If Penn State played in any other league, the question would never be asked.
But Penn State joined the Big Ten Conference in 1993, so the question will hover over the Nittany Lions right up until kickoff for the Rose Bowl Game presented by Citi on Thursday afternoon (ABC, 4:30 ET).
The question will hang there in spite of what No. 8 Penn State accomplished this season as it earned the right to play No. 5 USC. The Nittany Lions moved the chains with ease on the ground and through the air. They are one of only 10 teams to gain more than 200 yards rushing and passing per game. They committed barely one turnover per game. They played as well against the pass as they did against the run. They finished fifth in the nation in kickoff returns.
All of which explains why Penn State came within one point of finishing the regular season undefeated. There is even evidence to suggest that the Nittany Lions can beat the Trojans: Three weeks before Oregon State defeated USC 27-21, the Beavers were humiliated by Penn State, 45-14.
But none of that has put the question to bed. That's what happens these days when you are the champion of the Big Ten Conference. So the question is asked: Is Penn State the next Big Ten BCS victim?
"Our guys are more worried about playing USC," Nittany Lions quarterback coach Jay Paterno said. "We've got enough to worry about without carrying the flag for anybody else."
"Victim" is a strong word. It suggests helplessness, a finality of outcome. But the word hasn't been slapped on the Big Ten champion like a peel-off luggage label. The league has earned its notoriety. In this decade, the Big Ten is 0-4 against the Pac-10 in the Rose Bowl, and the scores give an indication of the chasm between winner and loser:
2008 Rose Bowl: USC 49, Illinois 17
2007 Rose Bowl: USC 32, Michigan 18
2004 Rose Bowl: USC 28, Michigan 14
2001 Rose Bowl: Washington 34, Purdue 24
The league's problems in the Rose Bowl date so far back that Washington, 0-12 this season, helped contribute to them.
The Big Ten is 4-9 in all BCS games in this decade. Seven of those nine losses came by at least 13 points. Only one of the four victories came by more than a touchdown. By contrast, two of the four came in overtime. (Here is where fans of Miami, who lost 31-24 in double overtime in the title game to Ohio State in the 2003 Tostitos Fiesta Bowl, howl about That Pass Interference Penalty.) The other is Penn State's 26-23 triple-overtime victory over Florida State in the 2006 FedEx Orange Bowl.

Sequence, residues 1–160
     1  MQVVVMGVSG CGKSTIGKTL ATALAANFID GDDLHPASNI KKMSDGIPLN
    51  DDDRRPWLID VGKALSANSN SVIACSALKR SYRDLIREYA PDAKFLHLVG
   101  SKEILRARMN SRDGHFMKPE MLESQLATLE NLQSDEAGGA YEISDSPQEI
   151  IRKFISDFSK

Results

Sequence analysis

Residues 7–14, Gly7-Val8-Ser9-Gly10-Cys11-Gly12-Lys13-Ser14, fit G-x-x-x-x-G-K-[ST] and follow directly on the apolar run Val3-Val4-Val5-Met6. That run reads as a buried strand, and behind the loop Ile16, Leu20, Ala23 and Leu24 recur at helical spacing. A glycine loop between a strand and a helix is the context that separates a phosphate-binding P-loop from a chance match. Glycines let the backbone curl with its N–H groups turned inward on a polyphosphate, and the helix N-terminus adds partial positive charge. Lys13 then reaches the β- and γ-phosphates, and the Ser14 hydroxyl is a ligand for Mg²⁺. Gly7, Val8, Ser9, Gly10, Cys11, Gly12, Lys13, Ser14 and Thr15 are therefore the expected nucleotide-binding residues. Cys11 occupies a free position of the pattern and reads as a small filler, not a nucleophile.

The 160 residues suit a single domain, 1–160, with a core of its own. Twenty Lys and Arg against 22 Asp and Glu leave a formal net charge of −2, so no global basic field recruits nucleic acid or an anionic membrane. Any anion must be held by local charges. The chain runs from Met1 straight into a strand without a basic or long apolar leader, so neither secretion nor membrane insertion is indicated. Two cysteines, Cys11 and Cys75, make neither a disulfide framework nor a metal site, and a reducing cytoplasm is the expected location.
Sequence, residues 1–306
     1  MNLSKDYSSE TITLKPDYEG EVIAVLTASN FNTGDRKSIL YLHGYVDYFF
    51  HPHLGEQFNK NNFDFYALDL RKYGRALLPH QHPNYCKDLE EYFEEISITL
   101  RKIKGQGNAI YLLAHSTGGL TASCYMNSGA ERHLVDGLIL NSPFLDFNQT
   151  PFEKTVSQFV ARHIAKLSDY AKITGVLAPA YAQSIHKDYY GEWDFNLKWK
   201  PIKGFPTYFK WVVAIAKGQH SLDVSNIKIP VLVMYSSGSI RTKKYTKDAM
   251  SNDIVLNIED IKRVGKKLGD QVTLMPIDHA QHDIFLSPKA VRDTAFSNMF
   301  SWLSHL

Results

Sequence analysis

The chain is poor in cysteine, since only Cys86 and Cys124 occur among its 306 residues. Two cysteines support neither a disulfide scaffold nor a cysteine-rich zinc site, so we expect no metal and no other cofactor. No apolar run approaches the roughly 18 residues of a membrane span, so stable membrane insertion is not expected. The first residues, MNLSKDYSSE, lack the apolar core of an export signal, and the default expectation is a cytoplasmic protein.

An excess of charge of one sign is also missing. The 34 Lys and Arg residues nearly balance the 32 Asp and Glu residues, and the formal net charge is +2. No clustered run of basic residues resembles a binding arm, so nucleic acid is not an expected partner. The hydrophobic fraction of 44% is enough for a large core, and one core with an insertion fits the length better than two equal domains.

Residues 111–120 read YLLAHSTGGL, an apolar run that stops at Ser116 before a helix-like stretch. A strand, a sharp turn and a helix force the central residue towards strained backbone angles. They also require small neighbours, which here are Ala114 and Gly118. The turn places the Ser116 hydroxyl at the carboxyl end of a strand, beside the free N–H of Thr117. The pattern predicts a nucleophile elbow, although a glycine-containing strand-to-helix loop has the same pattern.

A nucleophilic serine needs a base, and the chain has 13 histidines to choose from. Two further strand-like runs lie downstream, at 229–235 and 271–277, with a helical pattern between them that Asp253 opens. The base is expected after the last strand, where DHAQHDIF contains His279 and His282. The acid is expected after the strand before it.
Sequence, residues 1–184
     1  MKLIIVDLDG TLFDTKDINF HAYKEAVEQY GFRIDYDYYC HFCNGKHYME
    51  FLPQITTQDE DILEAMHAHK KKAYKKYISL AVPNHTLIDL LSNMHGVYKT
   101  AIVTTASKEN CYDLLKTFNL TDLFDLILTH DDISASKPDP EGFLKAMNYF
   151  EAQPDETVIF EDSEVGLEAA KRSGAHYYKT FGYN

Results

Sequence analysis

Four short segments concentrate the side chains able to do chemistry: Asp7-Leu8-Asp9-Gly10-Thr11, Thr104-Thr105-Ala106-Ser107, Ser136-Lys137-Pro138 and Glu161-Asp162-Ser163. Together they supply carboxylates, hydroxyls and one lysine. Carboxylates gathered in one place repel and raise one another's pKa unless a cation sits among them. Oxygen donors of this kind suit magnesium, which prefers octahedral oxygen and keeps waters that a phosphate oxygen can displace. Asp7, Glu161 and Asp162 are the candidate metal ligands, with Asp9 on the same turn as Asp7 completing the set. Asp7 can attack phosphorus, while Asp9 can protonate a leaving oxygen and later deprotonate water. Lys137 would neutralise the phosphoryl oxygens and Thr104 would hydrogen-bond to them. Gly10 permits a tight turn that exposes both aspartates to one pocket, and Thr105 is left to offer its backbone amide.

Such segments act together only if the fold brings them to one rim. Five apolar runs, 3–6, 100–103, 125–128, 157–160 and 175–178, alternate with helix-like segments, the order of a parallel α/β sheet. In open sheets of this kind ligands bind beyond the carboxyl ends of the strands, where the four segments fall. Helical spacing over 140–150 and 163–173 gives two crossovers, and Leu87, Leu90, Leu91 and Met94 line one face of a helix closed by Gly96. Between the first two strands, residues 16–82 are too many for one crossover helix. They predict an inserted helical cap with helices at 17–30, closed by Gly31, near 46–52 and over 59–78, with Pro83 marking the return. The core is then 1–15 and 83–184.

Nevertheless, Penn State must answer for the sins of its Big Ten brethren. The Nittany Lions may be 9-2 in bowls since they joined the league. Head coach Joe Paterno may have won 23 bowl games, more than any other Big Ten school. But when it comes to representing the league in the BCS, no one cares.
"Perception is reality," Jay Paterno said. "When Ohio State lost to Florida two years ago, Wisconsin beat Auburn and we beat Tennessee. [The Big Ten] won two of three with the SEC. If we had gone 2-5 in the bowls and Ohio State had won, everything would be fine. If [Barack] Obama had won the election and the Democrats had lost the House and everything down the ticket, people would say, 'What a great year for the Democrats!'"
The good news for the Big Ten is that the perception of the league as damaged goods has not penetrated the marketplace. Scott Bailey, the general manager of Big Ten Sports Properties, oversees the league's brand as it makes corporate partners.
"The perception is out there that the conference isn't as strong as it used to be," Bailey said. "You hope you take care of your business in games. From a selling perspective, it hasn't affected us. As a league, our attendance is strong and our alumni base is strong."
Bailey said the league commissioned a third-party survey last summer, which it will release early next year, that will show "the conference is still the strongest" brand.
The bad news is that a Penn State victory over USC can do only so much for the perception of the league. It will be only one victory, as Jeff Sagarin, the godfather of computer polling, said.
"Suppose, hypothetically, that Penn State were to win 59-0 but the other Big Ten teams all lost soundly," Sagarin, whose poll runs in USA Today and is used in the BCS formula, wrote in an e-mail. "Or conversely, what if Penn State won 59-0 and the other Big Ten teams won their bowl games by large margins?
"People focus in on one game because it makes analysis simple, but one should look at all games played."
Sagarin said a Penn State victory over USC would do little to dislodge a database that extends to the beginnings of the sport in 1869. According to him and Bailey, the Big Ten's history and its standing in the marketplace carry a lot more weight than eight years of struggling in the biggest postseason games.
But if perception is reality, Penn State will have to try to upset USC while carrying a flag. In other words, the Nittany Lions have their hands full.
Ivan Maisel is a senior writer for ESPN.com. Send your questions and comments to Ivan at email@example.com. His new book, "The Maisel Report: College Football's Most Overrated & Underrated Players, Coaches, Teams, and Traditions," is on sale now. For more information, go to TheMaiselReport.com.